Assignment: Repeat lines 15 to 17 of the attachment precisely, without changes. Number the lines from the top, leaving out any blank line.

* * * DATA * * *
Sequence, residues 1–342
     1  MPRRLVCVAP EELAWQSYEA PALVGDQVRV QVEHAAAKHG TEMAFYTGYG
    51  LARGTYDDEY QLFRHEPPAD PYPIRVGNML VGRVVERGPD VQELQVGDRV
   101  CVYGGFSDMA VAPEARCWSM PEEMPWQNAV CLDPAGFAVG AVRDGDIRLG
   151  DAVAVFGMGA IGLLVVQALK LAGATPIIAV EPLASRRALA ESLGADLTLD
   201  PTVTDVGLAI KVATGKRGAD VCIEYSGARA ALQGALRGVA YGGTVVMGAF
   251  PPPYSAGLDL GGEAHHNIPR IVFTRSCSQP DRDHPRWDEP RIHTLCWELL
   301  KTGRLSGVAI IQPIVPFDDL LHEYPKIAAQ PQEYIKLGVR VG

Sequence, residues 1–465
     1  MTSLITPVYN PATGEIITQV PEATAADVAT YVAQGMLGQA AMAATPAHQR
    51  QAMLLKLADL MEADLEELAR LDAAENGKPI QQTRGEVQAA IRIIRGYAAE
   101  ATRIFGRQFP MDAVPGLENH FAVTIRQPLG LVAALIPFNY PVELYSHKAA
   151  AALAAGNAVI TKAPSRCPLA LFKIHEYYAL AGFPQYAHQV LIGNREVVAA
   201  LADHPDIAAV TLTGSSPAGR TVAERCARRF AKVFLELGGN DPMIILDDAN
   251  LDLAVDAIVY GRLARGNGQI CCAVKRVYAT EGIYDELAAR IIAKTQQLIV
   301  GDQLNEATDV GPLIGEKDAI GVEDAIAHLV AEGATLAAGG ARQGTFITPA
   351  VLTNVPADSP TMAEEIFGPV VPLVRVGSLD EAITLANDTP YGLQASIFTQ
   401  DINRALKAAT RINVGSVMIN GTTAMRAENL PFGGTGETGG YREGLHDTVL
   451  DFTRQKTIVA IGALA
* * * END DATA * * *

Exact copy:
   251  LDLAVDAIVY GRLARGNGQI CCAVKRVYAT EGIYDELAAR IIAKTQQLIV
   301  GDQLNEATDV GPLIGEKDAI GVEDAIAHLV AEGATLAAGG ARQGTFITPA
   351  VLTNVPADSP TMAEEIFGPV VPLVRVGSLD EAITLANDTP YGLQASIFTQ